In Saratoga, where they held their Blossom Festival on Saturday and yesterday, life is so lovely that people seem never to grow old. Most notably to the understanding sole, it was reflected in the person of J. J. Bamber who was fluttering about on his lawful occasions as editor, reporter and everything else of the “Mountain Realty,” and chatting with friends and comrades from all the country there around of the balmy weather that, like yesterday, prevailed in the spring of Lincln’s election year.
But at that period, as Mr. Bamber was careful to explain, Saratoga had not yet attained eminence through its Blossom Festivals. White plum blossoms were not yet then the motif of its April scenery, and population thereabouts was not abundant. No automobiles obtained, no flivvers, no railways.
|HE KNOWS HIS FIELD
And on those points (???) critic of yesterdays program (???) well informed, because it (???) business to keep posted (???) transportational facilities (???) country.
J. J. Bamber and his (???) during the sixties and early (???)ties of the last century, (???) owners of Bamber Express (???) carried the mails and the San Francisco newspapers down to (???) Cruz from Oakland. They
(???) express letters, too, and the (???) Express envelopes cost 10 (???) each. That was the price (???) pressing a letter to Santa Cruz before Uncle Sam took over (???).
“I’d give a dollar for one (???) envelopes now if I knew (???) find one,” said Bamber yes (???) speaking not as an editor, (???) an old-timer. “I can’t find (???)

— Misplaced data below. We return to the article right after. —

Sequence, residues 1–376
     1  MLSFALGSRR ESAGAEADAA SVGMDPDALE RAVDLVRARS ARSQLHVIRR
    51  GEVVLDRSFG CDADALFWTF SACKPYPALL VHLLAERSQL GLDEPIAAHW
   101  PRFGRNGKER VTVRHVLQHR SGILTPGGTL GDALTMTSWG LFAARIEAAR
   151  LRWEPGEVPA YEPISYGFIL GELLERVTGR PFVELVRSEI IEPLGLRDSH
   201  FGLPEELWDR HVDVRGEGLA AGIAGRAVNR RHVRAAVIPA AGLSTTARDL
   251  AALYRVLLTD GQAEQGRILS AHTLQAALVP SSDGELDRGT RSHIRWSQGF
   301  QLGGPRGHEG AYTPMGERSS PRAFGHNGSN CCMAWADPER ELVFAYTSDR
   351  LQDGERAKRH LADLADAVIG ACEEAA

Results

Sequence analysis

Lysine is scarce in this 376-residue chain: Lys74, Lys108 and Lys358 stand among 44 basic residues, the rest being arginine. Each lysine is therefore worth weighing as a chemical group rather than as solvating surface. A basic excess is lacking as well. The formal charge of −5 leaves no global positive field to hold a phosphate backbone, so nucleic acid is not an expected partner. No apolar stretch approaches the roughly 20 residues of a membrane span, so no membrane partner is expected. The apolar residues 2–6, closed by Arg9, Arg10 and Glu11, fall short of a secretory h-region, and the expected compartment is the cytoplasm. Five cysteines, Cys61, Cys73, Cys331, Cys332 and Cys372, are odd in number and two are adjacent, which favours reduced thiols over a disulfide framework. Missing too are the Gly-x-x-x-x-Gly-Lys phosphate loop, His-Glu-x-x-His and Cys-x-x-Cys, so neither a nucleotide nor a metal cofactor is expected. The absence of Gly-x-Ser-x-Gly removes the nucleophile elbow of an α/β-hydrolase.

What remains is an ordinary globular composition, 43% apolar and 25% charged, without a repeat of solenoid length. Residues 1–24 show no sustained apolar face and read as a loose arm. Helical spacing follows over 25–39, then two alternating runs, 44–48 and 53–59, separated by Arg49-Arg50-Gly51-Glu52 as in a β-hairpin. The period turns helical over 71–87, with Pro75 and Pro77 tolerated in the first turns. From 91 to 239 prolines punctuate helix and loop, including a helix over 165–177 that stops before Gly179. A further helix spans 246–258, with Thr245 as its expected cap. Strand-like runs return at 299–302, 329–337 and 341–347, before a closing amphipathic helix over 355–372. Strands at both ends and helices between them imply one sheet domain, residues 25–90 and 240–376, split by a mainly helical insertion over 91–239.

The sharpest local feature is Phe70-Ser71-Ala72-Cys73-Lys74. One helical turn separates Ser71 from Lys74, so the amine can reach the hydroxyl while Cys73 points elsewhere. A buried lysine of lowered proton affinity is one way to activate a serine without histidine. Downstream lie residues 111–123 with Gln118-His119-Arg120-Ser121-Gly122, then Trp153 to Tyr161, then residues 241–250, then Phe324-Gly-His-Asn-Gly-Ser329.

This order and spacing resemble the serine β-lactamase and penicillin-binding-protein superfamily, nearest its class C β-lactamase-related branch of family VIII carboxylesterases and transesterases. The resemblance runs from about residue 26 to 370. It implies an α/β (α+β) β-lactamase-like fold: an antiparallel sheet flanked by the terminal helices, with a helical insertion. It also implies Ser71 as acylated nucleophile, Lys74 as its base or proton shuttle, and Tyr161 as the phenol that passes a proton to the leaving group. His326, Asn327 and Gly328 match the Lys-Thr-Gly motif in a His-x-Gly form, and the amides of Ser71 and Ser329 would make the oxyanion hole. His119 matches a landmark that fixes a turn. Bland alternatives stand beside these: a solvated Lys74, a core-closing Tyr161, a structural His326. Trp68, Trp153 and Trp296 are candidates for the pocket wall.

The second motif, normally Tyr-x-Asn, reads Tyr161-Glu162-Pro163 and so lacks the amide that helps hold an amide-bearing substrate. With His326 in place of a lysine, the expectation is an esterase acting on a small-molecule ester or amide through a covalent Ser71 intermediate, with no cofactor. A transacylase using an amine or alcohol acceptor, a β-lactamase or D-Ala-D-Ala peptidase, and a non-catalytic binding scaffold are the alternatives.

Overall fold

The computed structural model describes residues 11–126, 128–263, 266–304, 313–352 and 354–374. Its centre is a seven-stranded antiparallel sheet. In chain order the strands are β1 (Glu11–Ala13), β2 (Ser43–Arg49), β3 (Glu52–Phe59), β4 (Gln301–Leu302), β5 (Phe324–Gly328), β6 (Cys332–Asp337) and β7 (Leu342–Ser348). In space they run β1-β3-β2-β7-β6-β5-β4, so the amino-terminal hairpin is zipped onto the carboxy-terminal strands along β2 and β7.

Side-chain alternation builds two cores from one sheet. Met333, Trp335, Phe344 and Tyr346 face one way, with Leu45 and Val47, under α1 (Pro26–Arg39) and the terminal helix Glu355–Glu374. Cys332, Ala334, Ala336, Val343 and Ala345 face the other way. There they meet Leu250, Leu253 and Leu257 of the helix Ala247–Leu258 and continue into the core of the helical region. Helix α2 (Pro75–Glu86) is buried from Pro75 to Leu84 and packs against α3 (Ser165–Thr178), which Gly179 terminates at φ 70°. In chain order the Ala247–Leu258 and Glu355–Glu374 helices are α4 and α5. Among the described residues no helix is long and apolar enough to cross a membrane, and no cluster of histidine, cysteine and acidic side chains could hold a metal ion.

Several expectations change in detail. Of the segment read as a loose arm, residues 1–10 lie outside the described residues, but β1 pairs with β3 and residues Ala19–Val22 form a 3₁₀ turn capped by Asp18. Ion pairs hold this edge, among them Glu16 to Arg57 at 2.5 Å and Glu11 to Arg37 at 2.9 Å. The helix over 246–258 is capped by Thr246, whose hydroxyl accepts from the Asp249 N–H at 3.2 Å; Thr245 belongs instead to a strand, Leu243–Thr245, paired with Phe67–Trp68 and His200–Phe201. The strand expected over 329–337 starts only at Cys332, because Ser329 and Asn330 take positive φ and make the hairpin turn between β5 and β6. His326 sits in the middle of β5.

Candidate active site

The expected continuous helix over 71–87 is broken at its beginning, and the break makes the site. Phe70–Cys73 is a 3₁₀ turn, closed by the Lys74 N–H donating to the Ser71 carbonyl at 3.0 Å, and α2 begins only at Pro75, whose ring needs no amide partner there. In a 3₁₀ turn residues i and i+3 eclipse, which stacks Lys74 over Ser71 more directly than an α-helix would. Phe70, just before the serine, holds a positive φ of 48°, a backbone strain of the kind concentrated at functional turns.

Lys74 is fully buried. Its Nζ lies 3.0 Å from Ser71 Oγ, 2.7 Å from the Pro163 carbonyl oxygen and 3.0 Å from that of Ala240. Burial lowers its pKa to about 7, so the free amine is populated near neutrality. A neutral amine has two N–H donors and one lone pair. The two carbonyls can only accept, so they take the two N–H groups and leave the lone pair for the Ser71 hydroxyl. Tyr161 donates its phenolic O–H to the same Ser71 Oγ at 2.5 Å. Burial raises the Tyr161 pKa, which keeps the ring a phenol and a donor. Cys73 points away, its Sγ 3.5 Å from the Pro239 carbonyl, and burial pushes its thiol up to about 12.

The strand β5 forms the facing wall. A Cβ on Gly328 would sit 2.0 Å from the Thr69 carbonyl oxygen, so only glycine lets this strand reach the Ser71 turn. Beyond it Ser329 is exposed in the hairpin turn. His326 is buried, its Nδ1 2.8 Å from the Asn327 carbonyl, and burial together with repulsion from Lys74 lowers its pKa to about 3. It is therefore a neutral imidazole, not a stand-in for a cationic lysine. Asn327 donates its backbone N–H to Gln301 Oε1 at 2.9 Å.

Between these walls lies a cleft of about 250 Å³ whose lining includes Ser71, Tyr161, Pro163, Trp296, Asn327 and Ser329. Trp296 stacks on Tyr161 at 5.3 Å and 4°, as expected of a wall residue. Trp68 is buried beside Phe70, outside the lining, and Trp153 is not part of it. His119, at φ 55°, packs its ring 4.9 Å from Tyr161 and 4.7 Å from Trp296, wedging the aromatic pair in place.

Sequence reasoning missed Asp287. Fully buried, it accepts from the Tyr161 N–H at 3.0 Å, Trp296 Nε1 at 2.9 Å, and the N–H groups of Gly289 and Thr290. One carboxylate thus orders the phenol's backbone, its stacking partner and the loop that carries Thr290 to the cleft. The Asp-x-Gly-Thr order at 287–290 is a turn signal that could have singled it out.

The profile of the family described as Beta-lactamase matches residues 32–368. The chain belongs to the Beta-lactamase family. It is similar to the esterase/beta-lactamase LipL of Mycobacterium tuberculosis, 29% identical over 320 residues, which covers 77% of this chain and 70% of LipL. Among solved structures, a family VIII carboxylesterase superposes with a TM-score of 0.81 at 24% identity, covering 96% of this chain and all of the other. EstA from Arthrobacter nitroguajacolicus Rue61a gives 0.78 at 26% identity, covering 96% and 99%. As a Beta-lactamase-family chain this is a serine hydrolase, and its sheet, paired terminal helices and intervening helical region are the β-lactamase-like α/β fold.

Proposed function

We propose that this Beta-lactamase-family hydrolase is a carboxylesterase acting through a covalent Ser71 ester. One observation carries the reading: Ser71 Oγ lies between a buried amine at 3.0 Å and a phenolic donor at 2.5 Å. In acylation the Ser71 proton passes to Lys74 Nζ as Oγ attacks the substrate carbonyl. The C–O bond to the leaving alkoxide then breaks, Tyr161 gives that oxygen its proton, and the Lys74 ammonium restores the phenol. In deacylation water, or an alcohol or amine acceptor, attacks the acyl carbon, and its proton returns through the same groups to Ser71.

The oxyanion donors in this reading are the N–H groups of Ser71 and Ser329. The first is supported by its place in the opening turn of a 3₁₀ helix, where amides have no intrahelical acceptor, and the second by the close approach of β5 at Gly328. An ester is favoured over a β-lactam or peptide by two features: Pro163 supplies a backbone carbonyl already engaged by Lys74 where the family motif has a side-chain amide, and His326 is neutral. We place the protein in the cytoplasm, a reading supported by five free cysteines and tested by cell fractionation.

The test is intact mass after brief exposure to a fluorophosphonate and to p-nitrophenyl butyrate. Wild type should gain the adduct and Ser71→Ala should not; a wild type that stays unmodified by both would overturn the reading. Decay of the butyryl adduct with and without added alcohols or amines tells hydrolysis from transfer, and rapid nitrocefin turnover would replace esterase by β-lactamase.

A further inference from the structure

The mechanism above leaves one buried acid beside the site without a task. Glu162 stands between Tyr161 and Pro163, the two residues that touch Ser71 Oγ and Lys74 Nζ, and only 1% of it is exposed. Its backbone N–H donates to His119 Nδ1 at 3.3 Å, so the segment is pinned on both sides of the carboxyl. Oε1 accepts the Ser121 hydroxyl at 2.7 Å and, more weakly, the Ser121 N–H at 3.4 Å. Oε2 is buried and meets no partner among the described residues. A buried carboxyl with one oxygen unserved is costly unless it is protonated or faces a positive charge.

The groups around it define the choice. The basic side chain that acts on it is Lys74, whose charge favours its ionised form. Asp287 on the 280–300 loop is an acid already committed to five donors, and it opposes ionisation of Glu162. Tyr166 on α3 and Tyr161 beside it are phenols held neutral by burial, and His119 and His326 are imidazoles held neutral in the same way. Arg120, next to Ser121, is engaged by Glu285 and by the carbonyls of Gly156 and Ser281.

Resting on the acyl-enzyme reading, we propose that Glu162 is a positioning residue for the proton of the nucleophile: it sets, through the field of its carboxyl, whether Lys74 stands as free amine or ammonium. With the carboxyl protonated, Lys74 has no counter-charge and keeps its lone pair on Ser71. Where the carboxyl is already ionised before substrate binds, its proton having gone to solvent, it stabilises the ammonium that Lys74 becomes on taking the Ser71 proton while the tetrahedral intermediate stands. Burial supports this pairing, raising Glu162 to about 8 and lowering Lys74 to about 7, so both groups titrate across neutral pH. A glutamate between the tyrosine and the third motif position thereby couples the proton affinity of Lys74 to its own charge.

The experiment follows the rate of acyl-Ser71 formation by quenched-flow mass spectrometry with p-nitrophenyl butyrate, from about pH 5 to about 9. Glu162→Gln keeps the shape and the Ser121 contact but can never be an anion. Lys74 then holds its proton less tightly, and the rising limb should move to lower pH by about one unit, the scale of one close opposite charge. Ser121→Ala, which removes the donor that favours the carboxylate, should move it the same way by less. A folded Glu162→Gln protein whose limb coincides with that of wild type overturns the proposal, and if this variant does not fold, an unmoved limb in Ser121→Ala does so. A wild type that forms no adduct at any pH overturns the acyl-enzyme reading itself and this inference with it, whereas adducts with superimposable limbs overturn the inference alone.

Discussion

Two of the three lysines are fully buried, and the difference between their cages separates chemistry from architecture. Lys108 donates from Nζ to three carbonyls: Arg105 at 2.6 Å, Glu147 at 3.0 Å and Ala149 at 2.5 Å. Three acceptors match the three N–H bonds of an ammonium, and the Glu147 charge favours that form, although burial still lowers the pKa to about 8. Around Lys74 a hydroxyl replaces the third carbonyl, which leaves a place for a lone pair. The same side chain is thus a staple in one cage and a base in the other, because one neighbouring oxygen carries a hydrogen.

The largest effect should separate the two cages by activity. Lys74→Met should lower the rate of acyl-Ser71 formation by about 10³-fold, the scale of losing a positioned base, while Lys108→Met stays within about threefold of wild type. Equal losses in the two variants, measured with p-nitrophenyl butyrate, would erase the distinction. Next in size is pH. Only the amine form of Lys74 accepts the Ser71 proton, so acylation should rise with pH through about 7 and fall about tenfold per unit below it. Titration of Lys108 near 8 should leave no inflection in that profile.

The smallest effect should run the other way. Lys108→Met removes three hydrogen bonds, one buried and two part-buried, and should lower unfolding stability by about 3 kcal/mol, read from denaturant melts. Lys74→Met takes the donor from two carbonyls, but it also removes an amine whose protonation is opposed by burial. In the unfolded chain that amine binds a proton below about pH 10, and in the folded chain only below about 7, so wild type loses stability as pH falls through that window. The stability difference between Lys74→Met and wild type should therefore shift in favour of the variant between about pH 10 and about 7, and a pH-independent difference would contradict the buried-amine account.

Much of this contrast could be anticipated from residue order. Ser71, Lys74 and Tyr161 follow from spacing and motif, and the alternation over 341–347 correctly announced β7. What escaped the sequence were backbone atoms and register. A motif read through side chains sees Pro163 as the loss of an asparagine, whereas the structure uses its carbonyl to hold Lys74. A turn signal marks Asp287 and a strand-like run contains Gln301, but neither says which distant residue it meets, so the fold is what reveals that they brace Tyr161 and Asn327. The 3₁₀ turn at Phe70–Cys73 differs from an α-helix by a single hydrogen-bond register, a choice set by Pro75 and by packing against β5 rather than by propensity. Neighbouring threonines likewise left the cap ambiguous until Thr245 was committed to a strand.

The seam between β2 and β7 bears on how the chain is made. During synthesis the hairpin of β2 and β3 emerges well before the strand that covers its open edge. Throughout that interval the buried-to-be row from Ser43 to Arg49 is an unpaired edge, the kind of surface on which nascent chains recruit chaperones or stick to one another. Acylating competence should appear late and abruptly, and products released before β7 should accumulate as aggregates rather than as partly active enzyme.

TIME BRINGS CHANGE
“Of course, when the (???) and all that sort of thing (???) along, it knocked out our (???) business.
“Changes happen. My (???) see, was the first white girl (???) in Oakland. She was Miss (???) Hill. In those days the transcontinental road wasn’t even a dream.”
“Radio concert now going on!”
San Francisco, April 1. 1922
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Editor the Bulletin: In the account of the Saratoga Blossom Festival published in Monday’s Bulletin, the writer Edward A. Morphy, describes having met J.J. Bamber, one of the proprietors of the old Bamber’s Express. As a
philstelist, the information that Mr. Bamber still survives is to me most interesting. I have a Bamber’s Express envelope mailed from Saratoga in June, 1864, to a pioneer in the old Court Building, San Francisco. It is a
yellow envelope, with a red circle imprint an inch and a half in diameter, inscribed “J. Bamber & Co.’s Express, S. F.” with the date “June 9” in the center. The year is shown in the context of the letter it encloses,
which was from Joseph Columbet, proprietor of the Saratoga House June 7, 1864.ROSS O’SHAUGHNESSY
San Francisco, April 4.